How to Stock a Non-Alcoholic Bar, According to Sober Bartenders

Hands holding drinks

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Whether you want to scale back on drinking, you’ve been sober for a while, or you want to be a more inclusive host, the new year is a great time to refresh your home bar with non-alcoholic drinks—and we don’t mean juice and soda. As more people explore sobriety, it’s easier than ever to whip up a virgin cocktail at the ready or swap out wine or beer for an equally exciting NA option. 

Think of outfitting a non-alcoholic bar just like you would stocking up a full-proof setup. Keep a few standards on hand for regular consumption, and incorporate some mixers, flavor enhancers, and garnishes to add new flair to old favorites. If you’re hosting a gathering, tweak your supply accordingly. “It really comes down to what you like and what you think will be awe-inspiring, showing your friends and guests that you’re above the curve,” says Josh Gandee, host of No Proof: A Service Industry Podcast About Sobriety

From no-proof booze alternatives and mixers to extra touches that make non-alcoholic drinks feel special, here are 9 items to keep stocked in your non-alcoholic bar, as recommended by sober bartenders.

  • 01 of 09

    Sparkling water

    Sparkling water in a glass

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    The backbone of any non-alcoholic cocktail is soda water. “You can mix it with pretty much anything in place of spirits,” says Jan Warren, co-owner of Best Burger in New York. While your standard LaCroix can definitely do the trick, the sparklier the water, the more lively the cocktail. Chris Cardone, owner of Continuous Beverage Solutions, says Topo Chico is the most carbonated club soda out there. He also likes San Pellegrino club soda for introducing a bit of subtle flavor to an NA cocktail without adding more sugar.

  • 02 of 09

    Citrus and simple syrup

    Lemon-Ginger Simple Syrup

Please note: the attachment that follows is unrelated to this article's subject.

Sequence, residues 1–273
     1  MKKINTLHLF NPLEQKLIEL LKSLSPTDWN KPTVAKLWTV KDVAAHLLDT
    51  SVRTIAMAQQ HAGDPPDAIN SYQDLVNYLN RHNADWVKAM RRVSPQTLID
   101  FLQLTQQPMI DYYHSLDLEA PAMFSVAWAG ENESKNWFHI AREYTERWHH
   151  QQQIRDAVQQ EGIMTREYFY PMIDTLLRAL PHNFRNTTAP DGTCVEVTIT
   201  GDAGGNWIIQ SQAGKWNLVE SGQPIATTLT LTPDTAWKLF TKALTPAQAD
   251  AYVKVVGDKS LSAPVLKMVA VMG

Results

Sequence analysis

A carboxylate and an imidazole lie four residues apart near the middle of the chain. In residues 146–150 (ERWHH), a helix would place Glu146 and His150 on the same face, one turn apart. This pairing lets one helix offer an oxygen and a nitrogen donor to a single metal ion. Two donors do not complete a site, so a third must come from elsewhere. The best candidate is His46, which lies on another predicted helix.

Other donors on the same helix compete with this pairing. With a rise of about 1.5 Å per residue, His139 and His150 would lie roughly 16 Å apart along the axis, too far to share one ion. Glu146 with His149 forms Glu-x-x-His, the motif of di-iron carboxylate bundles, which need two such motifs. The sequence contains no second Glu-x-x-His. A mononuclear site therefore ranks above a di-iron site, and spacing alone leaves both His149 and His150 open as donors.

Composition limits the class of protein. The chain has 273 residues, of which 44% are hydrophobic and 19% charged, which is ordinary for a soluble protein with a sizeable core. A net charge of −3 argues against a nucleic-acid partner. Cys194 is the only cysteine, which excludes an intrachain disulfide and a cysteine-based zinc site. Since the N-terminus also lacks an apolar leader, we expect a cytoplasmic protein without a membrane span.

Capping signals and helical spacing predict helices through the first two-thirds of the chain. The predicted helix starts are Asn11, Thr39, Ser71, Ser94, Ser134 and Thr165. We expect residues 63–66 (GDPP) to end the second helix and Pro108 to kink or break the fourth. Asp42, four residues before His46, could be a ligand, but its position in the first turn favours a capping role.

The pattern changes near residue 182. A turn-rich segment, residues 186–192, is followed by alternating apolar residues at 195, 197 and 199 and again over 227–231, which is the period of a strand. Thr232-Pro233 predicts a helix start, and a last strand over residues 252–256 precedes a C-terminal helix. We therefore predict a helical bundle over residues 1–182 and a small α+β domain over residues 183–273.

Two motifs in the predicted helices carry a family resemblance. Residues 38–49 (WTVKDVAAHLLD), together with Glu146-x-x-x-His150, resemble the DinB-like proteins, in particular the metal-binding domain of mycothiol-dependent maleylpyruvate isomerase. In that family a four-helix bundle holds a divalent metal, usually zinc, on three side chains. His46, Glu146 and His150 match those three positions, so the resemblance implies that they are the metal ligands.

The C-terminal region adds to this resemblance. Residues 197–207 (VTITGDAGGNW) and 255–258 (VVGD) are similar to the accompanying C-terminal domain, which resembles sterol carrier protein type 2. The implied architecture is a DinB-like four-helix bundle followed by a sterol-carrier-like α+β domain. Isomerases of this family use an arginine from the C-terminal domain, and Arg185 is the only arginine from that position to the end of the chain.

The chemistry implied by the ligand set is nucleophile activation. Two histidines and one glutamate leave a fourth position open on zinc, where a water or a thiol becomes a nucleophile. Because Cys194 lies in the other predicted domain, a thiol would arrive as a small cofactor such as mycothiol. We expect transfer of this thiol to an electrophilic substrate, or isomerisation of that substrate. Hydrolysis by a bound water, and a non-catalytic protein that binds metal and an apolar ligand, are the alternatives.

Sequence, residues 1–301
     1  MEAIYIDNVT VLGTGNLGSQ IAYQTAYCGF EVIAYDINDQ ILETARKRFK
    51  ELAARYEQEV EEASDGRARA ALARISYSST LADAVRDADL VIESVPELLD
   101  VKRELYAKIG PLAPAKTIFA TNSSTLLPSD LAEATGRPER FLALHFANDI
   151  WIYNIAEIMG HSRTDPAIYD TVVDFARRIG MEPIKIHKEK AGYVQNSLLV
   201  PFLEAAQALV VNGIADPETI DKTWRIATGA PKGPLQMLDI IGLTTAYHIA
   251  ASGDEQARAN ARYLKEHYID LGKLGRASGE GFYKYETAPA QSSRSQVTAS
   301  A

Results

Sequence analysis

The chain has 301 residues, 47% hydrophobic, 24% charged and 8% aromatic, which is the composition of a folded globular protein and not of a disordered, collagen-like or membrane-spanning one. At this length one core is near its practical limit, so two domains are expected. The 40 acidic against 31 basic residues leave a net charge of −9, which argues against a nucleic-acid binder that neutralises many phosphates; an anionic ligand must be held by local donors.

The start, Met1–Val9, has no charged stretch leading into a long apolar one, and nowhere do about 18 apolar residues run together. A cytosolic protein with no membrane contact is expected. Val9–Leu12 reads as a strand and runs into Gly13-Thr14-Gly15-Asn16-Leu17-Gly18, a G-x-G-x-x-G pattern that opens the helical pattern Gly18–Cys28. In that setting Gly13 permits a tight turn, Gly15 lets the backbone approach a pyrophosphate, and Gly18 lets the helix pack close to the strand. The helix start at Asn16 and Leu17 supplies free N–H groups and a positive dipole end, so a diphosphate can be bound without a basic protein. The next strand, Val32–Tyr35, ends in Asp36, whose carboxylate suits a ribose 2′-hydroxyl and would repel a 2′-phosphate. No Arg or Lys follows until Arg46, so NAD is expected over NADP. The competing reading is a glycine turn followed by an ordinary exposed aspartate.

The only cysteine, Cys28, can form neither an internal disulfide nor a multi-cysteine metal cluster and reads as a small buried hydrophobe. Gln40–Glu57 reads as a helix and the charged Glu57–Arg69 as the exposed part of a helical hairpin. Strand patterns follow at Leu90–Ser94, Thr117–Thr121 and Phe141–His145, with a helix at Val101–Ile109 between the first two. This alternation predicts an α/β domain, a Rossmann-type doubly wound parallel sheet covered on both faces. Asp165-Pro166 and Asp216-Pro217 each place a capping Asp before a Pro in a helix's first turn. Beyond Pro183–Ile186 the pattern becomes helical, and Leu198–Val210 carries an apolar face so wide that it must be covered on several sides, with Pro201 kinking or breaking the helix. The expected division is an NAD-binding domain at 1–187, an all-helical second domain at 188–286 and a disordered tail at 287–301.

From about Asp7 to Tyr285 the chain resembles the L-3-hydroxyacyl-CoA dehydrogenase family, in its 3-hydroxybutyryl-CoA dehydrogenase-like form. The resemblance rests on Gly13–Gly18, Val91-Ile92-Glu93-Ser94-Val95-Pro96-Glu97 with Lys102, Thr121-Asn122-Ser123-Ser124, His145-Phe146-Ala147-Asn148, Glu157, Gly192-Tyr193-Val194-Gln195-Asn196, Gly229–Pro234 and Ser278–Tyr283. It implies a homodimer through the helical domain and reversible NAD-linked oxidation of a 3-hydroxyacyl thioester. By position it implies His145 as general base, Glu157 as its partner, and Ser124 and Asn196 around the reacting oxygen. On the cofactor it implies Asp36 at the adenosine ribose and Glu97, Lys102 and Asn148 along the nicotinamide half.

The Spruce / Eric Kleinberg

    Along with a sparkling ingredient, Cardone says all great mocktails need acidity and sweetness, which usually come from citrus and simple syrup. But keep in mind, since sparkling water is standing in for spirits, you’ll need to up your drink’s citrus and simple syrup ratios. Lemon and lime are solid staples, but Cardone suggests experimenting with blood oranges or grapefruit. You can also make your own simple syrup with orange juice and spices instead of water for more flavor and complexity. “Without these things as focal points, the drink just doesn’t have life,” he explains.

  • 03 of 09


    Basic homemade bitters recipe

    ​The Spruce / Julia Hartbeck

    If you’re not in the mood for mixing an entire cocktail, keep a few bottles of bitters on hand to add to your soda water. Joshua Gonzales, owner of Jailbird and Thunderbird in Indianapolis likes the cucumber, lemon, and celery options by The Bitter Truth. “Keep in mind most bitters do have alcohol in them, but if you’re putting in a few drops you probably won’t be affected,” he says.If you’d rather not have any alcohol, Warren says he likes Sanbitter, a bitters-alternative manufactured by San Pellegrino, for a Campari-type drink. 

    Gonzales also suggests Fee Brothers’ bitters, which are more like flavor enhancers. Grab a bottle of rhubarb, plum, or chocolate, then add a few drops to soda, Coca Cola, or even a cup of coffee. “I like richer flavor enhancers because they bring all kinds of new subtleties to the beverage,” he says.

  • 04 of 09

    Non-alcoholic wine

    Red wine being poured into a glass

    If you’re hosting a special occasion but don’t want to imbibe in champagne, you don’t have to resort to syrupy sweet sparkling grape juice. Quia Querisma, a former craft bartender who now bartends private events in the Dallas area, swears by FRE Alcohol-Removed Sparkling Brut, which she says “actually has the profile of real champagne.”